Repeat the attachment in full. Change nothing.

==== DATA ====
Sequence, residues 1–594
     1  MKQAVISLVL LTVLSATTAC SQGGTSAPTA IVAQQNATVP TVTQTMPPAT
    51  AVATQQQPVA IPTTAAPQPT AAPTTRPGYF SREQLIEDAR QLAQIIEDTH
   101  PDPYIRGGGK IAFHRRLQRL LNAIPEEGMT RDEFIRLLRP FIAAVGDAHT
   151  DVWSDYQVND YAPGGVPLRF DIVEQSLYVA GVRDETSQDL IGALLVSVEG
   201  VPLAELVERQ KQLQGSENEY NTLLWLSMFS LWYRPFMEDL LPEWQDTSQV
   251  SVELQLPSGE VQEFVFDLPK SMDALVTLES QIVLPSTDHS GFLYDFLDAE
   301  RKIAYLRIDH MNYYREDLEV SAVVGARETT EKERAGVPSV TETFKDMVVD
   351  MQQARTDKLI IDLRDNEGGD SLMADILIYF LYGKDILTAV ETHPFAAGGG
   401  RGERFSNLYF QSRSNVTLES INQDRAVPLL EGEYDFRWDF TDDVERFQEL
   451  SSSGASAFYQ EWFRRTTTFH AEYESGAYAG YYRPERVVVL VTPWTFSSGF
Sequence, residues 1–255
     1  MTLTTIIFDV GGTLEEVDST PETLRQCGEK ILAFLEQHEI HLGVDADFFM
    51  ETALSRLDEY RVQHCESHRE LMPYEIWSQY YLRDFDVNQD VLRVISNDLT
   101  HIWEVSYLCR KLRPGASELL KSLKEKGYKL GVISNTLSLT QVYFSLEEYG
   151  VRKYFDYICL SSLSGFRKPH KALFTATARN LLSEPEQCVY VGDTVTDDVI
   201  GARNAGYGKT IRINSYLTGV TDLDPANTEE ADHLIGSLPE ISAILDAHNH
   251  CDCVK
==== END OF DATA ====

Sequence, residues 1–594
     1  MKQAVISLVL LTVLSATTAC SQGGTSAPTA IVAQQNATVP TVTQTMPPAT
    51  AVATQQQPVA IPTTAAPQPT AAPTTRPGYF SREQLIEDAR QLAQIIEDTH
   101  PDPYIRGGGK IAFHRRLQRL LNAIPEEGMT RDEFIRLLRP FIAAVGDAHT
   151  DVWSDYQVND YAPGGVPLRF DIVEQSLYVA GVRDETSQDL IGALLVSVEG
   201  VPLAELVERQ KQLQGSENEY NTLLWLSMFS LWYRPFMEDL LPEWQDTSQV
   251  SVELQLPSGE VQEFVFDLPK SMDALVTLES QIVLPSTDHS GFLYDFLDAE
   301  RKIAYLRIDH MNYYREDLEV SAVVGARETT EKERAGVPSV TETFKDMVVD
   351  MQQARTDKLI IDLRDNEGGD SLMADILIYF LYGKDILTAV ETHPFAAGGG
   401  RGERFSNLYF QSRSNVTLES INQDRAVPLL EGEYDFRWDF TDDVERFQEL
   451  SSSGASAFYQ EWFRRTTTFH AEYESGAYAG YYRPERVVVL VTPWTFSSGF
Sequence, residues 1–255
     1  MTLTTIIFDV GGTLEEVDST PETLRQCGEK ILAFLEQHEI HLGVDADFFM
    51  ETALSRLDEY RVQHCESHRE LMPYEIWSQY YLRDFDVNQD VLRVISNDLT
   101  HIWEVSYLCR KLRPGASELL KSLKEKGYKL GVISNTLSLT QVYFSLEEYG
   151  VRKYFDYICL SSLSGFRKPH KALFTATARN LLSEPEQCVY VGDTVTDDVI
   201  GARNAGYGKT IRINSYLTGV TDLDPANTEE ADHLIGSLPE ISAILDAHNH
   251  CDCVK